Since the world’s financial system went into meltdown, there has been a certain amount of tooth-gnashing and mouth-frothing about the dreadful greed and recklessness of bankers — a lot of it from politicians who frankly aren’t in a position to lecture anyone about short-termism. I find it difficult to work up much righteous anger.
Firstly because complaining that bankers get too excited about money seems like complaining that gannets get too excited about fish. But also because we’re not talking about one or two individuals doing a Nick Leeson job on the world’s banks: as far as I can gather, most of the world’s bankers were making the same bad decisions at the same time. So I tend to think: there but for the grace of God go I. Of course it’s possible that I would have been one of the few bright sparks who spotted what was going on and tried to avoid it, but the odds are against it.
I suspect, ironically, that some of the very people who are most full of outrage at the excesses of global capitalism would be the first to excuse bad behaviour and reckless short-termism in the case of, say, the urban poor. It’s not that merchant bankers are bad people; they’ve been failed by the system.
» the video is of course from West Side Story; the actual song starts at about 1:50.
5 replies on “Gee, Officer Krupke”
of course bankers get excited about money, and who would go about extolling their characters? still, i think it is pretty reprehensible that when your company fails to make a profit, you take money from taxpayers in order to pay your managers a bonus (take, not borrow). That kind of pisses people off. If the “appetite for risk” only takes into account an upside, it isn’t “risk” anymore, it’s payday one way or another.
I agree that any executive who takes a bonus after being bailed out by the government is a bit of a dick.
It’s galling that the very industry which has caused all this mess has now been given lots of money by the government. But if the alternative is a full-blown run on the banks, it seems like the lesser of two evils. And as I understand it, they aren’t just being ‘given’ the money: they are getting it in return for a large stake in their companies which the government will hopefully be able to resell at a profit when something like normality returns in a few years time.
The thing is, I’m not particularly sticking up for bankers. They (and hedge fund managers, and mortgage brokers, and central banks, and politicians, and regulators) have taken a whole lot of decisions which, in hindsight, don’t look very smart. But that’s hindsight for you. And since the whole world seems to have been making basically the same mistakes, it probably wasn’t obvious at the time.
I was listening to something about the Great Fire of London on the radio the other day, and apparently one of the immediate reactions after the fire was to say it was a punishment from God for the immorality of London (you could either blame it on the debauchery at the court of the newly-restored Charles II, or the various forms of Puritanism and republicanism, according to your political tastes). I’m sure at the time, it was cathartic for everyone to point fingers and write pamphlets, but if you’d actually wanted to prevent the Fire happening in the first place, it would have been more productive to set up a well-organised fire-fighting service and some appropriate building regulations.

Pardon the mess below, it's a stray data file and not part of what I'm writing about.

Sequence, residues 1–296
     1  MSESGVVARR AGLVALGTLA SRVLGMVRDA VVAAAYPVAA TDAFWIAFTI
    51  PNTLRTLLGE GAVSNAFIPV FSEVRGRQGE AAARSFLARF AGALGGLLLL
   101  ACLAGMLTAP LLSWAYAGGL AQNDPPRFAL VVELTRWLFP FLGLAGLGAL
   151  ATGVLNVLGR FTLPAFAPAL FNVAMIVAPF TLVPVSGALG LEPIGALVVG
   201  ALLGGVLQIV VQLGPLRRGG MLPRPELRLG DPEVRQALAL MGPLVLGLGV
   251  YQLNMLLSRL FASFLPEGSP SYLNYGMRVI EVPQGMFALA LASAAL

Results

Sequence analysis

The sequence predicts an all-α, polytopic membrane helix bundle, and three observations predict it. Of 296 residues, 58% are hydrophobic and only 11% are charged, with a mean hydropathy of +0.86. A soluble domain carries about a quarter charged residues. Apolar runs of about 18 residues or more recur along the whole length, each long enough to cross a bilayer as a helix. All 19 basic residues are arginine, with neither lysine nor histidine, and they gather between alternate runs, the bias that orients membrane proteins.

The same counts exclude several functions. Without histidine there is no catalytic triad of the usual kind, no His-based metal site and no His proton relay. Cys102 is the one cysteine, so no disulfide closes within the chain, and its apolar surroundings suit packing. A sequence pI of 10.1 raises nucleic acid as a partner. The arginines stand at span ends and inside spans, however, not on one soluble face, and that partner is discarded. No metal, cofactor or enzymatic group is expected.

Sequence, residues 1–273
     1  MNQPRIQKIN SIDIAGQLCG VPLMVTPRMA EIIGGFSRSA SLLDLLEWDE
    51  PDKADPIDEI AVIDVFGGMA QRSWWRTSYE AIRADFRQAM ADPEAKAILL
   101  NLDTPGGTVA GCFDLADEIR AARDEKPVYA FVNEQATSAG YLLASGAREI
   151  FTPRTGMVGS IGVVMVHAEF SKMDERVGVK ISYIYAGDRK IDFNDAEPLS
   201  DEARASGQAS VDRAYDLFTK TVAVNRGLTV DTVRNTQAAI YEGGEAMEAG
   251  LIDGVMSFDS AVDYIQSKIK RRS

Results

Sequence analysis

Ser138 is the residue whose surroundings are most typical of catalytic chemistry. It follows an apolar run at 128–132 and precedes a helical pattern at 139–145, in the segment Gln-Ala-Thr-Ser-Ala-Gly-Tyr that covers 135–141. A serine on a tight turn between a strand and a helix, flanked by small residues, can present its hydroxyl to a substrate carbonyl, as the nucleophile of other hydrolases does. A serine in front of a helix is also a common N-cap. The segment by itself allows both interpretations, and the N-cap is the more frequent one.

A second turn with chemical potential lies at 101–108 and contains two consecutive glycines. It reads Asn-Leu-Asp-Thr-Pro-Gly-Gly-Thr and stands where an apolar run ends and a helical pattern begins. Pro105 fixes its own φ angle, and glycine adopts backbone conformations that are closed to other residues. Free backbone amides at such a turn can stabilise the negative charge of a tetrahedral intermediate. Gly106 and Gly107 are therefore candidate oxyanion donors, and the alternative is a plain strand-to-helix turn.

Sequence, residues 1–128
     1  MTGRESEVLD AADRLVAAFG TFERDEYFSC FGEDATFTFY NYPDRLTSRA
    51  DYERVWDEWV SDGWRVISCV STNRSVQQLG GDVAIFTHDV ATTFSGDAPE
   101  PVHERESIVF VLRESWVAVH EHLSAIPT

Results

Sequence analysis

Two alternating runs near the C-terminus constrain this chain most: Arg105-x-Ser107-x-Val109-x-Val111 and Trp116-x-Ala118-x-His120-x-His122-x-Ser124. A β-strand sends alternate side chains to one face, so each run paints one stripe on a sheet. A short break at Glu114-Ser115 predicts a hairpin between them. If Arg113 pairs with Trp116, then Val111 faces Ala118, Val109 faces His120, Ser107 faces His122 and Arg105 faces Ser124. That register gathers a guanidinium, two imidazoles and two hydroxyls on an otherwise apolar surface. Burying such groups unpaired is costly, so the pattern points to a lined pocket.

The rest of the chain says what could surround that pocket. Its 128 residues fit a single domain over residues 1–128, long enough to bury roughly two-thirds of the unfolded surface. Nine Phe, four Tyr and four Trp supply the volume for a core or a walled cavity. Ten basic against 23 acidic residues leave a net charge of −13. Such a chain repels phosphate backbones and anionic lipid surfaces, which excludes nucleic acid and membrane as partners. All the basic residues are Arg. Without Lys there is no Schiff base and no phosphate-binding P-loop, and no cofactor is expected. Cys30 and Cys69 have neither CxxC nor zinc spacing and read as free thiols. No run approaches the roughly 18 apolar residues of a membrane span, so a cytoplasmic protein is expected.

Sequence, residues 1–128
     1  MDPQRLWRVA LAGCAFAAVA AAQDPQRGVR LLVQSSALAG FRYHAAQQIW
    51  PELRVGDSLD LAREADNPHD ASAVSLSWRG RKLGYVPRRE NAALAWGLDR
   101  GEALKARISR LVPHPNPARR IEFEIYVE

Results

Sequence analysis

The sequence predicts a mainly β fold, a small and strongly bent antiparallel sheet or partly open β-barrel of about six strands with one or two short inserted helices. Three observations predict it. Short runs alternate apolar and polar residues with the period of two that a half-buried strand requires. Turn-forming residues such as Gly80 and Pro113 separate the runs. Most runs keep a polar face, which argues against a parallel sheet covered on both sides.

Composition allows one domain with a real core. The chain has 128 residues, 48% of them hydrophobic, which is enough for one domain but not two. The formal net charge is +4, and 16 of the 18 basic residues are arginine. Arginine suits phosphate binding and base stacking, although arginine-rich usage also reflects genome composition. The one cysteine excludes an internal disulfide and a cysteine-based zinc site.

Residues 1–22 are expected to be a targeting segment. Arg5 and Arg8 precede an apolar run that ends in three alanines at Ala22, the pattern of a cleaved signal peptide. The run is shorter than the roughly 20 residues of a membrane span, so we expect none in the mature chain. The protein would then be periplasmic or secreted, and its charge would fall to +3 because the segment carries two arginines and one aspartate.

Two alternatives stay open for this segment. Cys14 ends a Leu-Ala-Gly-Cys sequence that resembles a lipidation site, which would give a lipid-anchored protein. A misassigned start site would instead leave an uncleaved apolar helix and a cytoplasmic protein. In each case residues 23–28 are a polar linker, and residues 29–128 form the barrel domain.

I suppose it’s cathartic to be angry at the banks, but I think it’s more important to focus on the financial equivalent of a better fire service and stricter building regs.
And yes, I know the parallel isn’t exact, since the court of Charles II didn’t spend all their time playing with fire. Still, I think this financial crisis is caused by systemic failure rather than a moral collapse. If this financial crisis is more severe than the crash at the end of the 80s, it’s not because this generation of bankers are any greedier the Gordon Gekko generation.
The Economist once began an article with this sentence:
“The four most expensive words in the banking industry are, ‘This time, it’s different.'”
The entire banking industry managed to convince itself that securitizing loans would eliminate the risk of borrower default. They all acted on the firm belief (wrong, of course) that unless they foolishly bought the “low” tranche of the security, they could never be affected by a default. You can never eliminate risk. You can only move it around. But by acting as if they had eliminated it, they managed to magnify to unimagined levels.
And it annoys the bejeezus out of me that nobody in Congress had the foresight, or the cojones, to demand an accounting from the banks as they have from the auto industry.
Perhaps the one lesson to take away from this whole mess is that, left to their own devices, bankers are no more capable of ensuring the long-term health and stability of the financial system than fishermen are of ensuring the long-term health and stability of fish stocks. Despite the fact that in both cases it would seem to be in their interest to do so.